It was exactly this kind of fear that Vladimir Putin, in his first stint as prime minister, pledged to eradicate more than a decade ago when he launched his military campaign in breakaway Chechnya after a series of mysterious apartment bombings in Moscow and other cities in the autumn of 1999.

    Putin rose to power and cemented his authority as a tough-talking former KGB colonel who would keep Russians safe from terrorism. He surrounded himself with veterans of the security services and justified rolling back democratic institutions and concentrating power in his own hands as necessary moves in a dangerous world.

    But following the terrorist attacks in two Moscow metro stations that killed 39 people, Putin’s critics say his policy of sacrificing liberty for security has failed, and his reputation as someone who can keep the country safe from terror is tarnished.

    Putin broke off a trip to Siberia on March 29 to declare that “terrorists will be destroyed.” And he used characteristically colorful language in remarks in Moscow today about how the authorities will deal with the threat of terrorism.

    “We know that they are lying low, but it is already a matter of pride for law-enforcement agencies to drag them out of the depths of the sewer,” Putin said.

    But for many Russians, his tough words are ringing increasingly hollow.

    Right Under Their Noses

    Ilya Yashin, a youth activist, tells RFE/RL’s Russian Service that since Putin has concentrated so much power in his own hands, “he is responsible for everything that happens in our country” and should therefore be held accountable for the latest attacks.

    “Not long ago Putin promised an end to terrorist acts in Russian cities and a military victory over terrorism. For this we gave up our political rights and civil liberties. We gave up the right to elect governors,” Yashin said.

    “All of this undoubtedly strengthened Vladimir Putin’s personal power, but did nothing to provide for our security,” he continued. “Today’s attacks can be seen as the collapse of Putin’s antiterrorist policies.”

    Yashin said that while Putin is unlikely to be censured for the bombings, at the very least, the top Russian security officials who failed to prevent the attacks — FSB Director Aleksandr Bortnikov, Interior Minister Rashid Nurgaliyev, and Moscow police chief Vladimir Kolokoltsev — should lose their jobs.

    Likewise, Boris Nemtsov, a leading member of the opposition Solidarity movement, notes that while there have been no terrorist acts in the United States since September 11, 2001, attacks in Russia have intensified. He adds that Putin and his “siloviki” security service allies “declared victory over terrorism too early” and proved incompetent in fighting the battle.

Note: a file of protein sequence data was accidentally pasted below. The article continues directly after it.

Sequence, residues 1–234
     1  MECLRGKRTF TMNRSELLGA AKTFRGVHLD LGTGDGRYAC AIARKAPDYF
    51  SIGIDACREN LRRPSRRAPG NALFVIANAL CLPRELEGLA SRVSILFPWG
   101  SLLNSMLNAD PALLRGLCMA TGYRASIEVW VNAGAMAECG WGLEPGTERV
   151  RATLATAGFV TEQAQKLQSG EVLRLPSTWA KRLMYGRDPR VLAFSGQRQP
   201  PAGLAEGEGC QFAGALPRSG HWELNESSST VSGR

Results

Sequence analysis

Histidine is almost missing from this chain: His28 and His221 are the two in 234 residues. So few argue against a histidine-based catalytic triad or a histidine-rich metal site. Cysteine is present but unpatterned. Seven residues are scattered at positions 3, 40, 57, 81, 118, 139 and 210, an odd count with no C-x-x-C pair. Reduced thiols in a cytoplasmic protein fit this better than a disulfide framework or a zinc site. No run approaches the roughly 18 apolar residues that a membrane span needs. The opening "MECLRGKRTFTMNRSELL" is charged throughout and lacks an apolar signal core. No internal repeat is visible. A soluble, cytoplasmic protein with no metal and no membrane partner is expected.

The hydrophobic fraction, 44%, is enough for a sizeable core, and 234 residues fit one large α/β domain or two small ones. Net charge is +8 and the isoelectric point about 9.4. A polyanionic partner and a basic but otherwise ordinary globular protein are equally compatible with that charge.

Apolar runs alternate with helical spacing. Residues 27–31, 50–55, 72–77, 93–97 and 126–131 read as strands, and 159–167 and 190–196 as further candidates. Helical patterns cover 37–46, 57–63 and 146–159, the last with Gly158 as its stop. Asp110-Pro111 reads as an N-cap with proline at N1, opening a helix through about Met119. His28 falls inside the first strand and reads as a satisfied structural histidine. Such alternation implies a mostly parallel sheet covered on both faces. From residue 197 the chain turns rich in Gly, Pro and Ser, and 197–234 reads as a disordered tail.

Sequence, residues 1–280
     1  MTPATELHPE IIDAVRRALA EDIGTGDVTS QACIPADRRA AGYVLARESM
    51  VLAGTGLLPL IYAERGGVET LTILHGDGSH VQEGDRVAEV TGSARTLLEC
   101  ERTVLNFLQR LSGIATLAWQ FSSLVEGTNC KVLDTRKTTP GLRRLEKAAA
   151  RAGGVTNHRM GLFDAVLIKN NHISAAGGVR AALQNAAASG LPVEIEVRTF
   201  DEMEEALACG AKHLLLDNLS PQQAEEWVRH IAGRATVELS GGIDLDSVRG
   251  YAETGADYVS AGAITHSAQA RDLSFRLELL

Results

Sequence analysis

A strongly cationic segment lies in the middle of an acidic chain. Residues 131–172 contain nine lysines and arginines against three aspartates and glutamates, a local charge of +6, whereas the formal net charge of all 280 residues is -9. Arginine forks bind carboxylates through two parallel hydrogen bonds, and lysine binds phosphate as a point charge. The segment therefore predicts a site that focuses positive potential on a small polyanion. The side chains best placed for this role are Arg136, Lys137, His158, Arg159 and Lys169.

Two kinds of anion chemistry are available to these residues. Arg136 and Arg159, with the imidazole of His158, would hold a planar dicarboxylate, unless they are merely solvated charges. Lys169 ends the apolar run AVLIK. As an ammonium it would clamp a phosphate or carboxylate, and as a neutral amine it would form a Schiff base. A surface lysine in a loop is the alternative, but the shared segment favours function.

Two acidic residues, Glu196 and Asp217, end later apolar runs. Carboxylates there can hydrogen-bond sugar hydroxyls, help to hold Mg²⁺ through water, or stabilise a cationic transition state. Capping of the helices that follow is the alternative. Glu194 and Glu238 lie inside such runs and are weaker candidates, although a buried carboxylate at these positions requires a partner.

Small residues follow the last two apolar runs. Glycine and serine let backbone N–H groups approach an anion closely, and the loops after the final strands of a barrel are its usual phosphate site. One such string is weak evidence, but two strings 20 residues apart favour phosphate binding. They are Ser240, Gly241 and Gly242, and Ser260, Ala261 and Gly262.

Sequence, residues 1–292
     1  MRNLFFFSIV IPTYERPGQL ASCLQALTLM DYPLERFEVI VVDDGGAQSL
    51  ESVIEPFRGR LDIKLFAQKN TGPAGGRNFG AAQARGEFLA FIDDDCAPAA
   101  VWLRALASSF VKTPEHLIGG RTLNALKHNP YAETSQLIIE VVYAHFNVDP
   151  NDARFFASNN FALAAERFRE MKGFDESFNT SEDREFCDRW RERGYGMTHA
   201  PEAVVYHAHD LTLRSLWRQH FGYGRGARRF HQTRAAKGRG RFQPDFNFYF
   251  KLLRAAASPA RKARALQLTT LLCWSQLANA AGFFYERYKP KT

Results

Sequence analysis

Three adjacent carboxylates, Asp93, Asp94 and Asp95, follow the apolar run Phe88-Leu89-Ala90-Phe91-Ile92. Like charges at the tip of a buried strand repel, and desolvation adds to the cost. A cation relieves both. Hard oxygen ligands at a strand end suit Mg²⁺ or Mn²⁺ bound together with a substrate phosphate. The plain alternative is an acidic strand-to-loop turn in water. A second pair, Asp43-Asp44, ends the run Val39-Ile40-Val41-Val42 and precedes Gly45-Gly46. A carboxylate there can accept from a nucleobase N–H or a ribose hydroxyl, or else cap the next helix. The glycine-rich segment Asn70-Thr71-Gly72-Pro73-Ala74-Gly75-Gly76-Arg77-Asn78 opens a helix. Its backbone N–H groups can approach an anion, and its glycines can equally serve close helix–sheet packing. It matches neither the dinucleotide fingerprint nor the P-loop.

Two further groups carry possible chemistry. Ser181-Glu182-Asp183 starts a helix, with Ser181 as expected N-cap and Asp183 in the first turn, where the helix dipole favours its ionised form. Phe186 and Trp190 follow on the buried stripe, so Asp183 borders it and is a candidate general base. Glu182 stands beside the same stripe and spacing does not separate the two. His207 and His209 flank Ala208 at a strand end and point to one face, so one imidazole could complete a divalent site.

“This happened right under the security services’ noses,” Nemtsov said, noting that the attack at the Lubyanka metro station took place in close proximity to the headquarters of the Federal Security Service.

    “They are protecting the kleptocratic authorities and battling against the opposition instead of fighting terrorism,” Nemtsov said. “Sadly, nobody will be punished for this. They’ll just find a scapegoat.”

    Nemtsov adds that many disturbing questions remain about the attacks.

    “Nobody can explain how two female suicide bombers got to the center of Moscow. Nobody can answer how they got the explosives. Nobody can answer what the police and security services were doing to prevent this,” Nemtsov said. “As long as nobody is held accountable among the authorities, it will not be possible to defeat terrorism.”

    House Cleaning Or Crackdown?

    There are already signs that the Russian authorities are attempting to deflect blame for the bombings by internationalizing the attacks. Speaking at the G8 meeting in Ottawa, Russian Foreign Minister Sergei Lavrov said militants operating on the Afghan-Pakistan border may have helped organize the Moscow attacks.

    Vladimir Ryzhkov, a former deputy speaker of the State Duma who is now an opposition politician, called on President Dmitry Medvedev to closely monitor any investigation into the attacks to prevent the security services from whitewashing their shortcomings.

    “This is without a doubt a failure for the security services,” Ryzhkov said. “But we can only talk about personnel changes after there has been a complete investigation, and I hope that the president will demand a report on every stage of the investigation. If there is political control over the investigation, then I hope we can get a full picture.”

    So can Russia expect a house-cleaning? Probably not, analysts say. The security service veterans now surrounding Putin, while not as powerful as they were a few years ago, remain the strongest political constituency in Russia.

    What is more likely, analysts say, is something similar to what happened after the 2004 Beslan hostage siege. Putin used that attack as a pretext to eliminate the direct election of regional governors and restrict the activities of nongovernmental organizations.

    “Our system is not democratic. The security of the state and the authorities is considered more important than the safety of ordinary citizens,” Lilia Shevtsova, a senior political analyst at the Moscow Carnegie Center, says. “We can therefore expect that there will be political fallout and this could result in limiting citizens’ political and civil rights.”